Glencore Xstrata PLC’s (GLEN.LN) Zambian unit, Mopani Copper Mines has granted its workers an 8% pay rise as part of a 2014 wage agreement, averting a potential labor unrest at the country’s third largest copper and cobalt producer, officials said Thursday.
Miners Union of Zambia President Chishimba Nkole signed a collective agreement on behalf of more than 10,000 unionized workers and pledged to work with management to ensure that the unit cost of production is kept at its “barest minimum” to ensure profitability of the operations.
Glencore becomes the second mining company in Zambia to grant workers a pay rise in less than two weeks as miners in Africa’s largest copper producer grapple to meet miners’ pay demands to avoid strikes.
“We are critically reviewing our operations to ensure that we invest in the future of the mines and maintain jobs even amidst financial challenges and low copper prices,” said Mopani’s chief services officer, Moses Chillangwa.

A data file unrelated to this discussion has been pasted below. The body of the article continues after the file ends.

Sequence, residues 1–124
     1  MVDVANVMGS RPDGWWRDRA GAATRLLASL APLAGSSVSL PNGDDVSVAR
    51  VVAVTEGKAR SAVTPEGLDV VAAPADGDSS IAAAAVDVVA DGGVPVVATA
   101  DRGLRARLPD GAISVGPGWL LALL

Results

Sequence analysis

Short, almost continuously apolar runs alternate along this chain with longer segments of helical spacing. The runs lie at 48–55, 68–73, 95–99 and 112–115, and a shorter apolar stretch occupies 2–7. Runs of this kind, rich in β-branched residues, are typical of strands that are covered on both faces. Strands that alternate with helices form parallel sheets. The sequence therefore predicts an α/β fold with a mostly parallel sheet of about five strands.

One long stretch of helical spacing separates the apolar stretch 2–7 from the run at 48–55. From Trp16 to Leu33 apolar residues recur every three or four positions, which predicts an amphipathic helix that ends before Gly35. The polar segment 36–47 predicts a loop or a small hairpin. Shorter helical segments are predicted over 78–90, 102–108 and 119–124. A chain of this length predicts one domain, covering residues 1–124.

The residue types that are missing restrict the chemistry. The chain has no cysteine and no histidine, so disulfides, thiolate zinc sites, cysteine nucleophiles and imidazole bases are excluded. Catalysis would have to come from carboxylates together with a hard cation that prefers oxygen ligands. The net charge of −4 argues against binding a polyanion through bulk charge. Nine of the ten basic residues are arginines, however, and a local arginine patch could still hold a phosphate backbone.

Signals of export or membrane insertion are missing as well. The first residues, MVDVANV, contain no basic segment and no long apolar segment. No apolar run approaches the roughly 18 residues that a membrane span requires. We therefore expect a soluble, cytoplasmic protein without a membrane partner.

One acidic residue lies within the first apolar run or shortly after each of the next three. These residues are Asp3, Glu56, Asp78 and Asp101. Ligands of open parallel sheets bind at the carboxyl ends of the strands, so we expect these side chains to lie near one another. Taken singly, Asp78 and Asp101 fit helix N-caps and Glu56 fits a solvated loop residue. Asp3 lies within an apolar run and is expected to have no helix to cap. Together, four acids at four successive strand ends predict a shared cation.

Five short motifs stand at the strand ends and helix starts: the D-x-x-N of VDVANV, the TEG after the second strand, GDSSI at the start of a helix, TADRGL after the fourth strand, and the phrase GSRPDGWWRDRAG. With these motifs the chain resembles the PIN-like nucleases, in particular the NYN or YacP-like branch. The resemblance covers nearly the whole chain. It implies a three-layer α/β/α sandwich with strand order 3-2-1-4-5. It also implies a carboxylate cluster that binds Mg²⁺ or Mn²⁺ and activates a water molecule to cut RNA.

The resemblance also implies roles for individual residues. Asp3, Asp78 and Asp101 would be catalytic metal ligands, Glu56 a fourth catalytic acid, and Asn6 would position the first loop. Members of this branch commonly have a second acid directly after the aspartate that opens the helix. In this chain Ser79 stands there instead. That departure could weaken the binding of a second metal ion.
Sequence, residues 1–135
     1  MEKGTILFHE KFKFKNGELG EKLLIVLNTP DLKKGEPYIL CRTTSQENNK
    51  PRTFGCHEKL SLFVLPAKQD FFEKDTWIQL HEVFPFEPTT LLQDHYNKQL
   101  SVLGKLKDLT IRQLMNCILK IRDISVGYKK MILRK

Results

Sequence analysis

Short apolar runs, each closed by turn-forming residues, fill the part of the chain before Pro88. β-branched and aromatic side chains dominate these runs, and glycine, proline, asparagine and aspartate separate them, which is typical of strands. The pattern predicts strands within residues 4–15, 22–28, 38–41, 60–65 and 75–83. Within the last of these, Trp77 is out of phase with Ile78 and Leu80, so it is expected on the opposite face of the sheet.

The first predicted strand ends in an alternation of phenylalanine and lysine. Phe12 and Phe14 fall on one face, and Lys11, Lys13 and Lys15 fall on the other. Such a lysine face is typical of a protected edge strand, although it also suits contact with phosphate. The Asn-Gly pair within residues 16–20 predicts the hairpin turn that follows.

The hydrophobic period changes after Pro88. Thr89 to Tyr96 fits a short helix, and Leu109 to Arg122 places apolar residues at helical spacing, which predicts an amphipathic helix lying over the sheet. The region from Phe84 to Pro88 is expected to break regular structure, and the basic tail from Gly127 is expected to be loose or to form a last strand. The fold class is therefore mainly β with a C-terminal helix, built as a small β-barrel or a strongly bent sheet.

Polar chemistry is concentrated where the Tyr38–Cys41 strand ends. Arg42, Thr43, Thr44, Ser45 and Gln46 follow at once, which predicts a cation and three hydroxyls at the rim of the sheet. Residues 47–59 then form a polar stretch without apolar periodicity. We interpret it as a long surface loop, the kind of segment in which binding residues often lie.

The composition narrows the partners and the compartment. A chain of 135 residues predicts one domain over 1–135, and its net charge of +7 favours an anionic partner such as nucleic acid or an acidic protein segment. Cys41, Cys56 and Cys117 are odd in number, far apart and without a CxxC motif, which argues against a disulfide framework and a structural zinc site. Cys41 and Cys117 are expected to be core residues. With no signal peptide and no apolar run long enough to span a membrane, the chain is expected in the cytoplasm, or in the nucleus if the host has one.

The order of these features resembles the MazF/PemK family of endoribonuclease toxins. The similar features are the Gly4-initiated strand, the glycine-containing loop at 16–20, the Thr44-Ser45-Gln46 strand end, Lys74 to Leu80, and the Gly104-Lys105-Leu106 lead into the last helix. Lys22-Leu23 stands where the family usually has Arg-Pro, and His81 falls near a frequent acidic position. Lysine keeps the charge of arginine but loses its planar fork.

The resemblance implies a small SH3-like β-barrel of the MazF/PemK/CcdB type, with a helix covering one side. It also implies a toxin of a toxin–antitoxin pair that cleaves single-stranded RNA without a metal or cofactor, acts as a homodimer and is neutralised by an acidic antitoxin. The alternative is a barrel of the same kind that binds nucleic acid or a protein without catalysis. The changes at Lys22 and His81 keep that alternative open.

Last week, Kansanshi Copper mines, Zambia’s largest copper producer awarded workers a 25% pay rise following weeks of negotiations. Mr. Chillangwa said that the low global copper prices remain a huge challenge for the miner.
According to union representatives, the miners need higher wages to meet the rising cost of living driven mainly by higher food and energy costs.
Glencore has invested millions of dollars in the past few years to turn around the once struggling mine. The company is currently finalizing a $323 million deep mine copper project, which is expected to extend the lifespan of the mine by at least 25 years. “We have noted the huge amount of investment that Mopani is putting in to ensure long-term sustainability…we look forward for a more prosperous and profitable company going forward,” Mr. Nkole said. Mopani is targeting to boost production to about 5.1 million tons in the next 3-5 years from the current 3.4 million metric tons of ores a year.
Analysts have warned that wage demands could squeeze Zambia’s already struggling companies, which have been battered hard by low global copper prices. Since mid-year, mining companies have been pressing the Zambian government for incentives and tax waivers to combat low copper global copper prices.
The Zambian government has warned companies against laying off workers.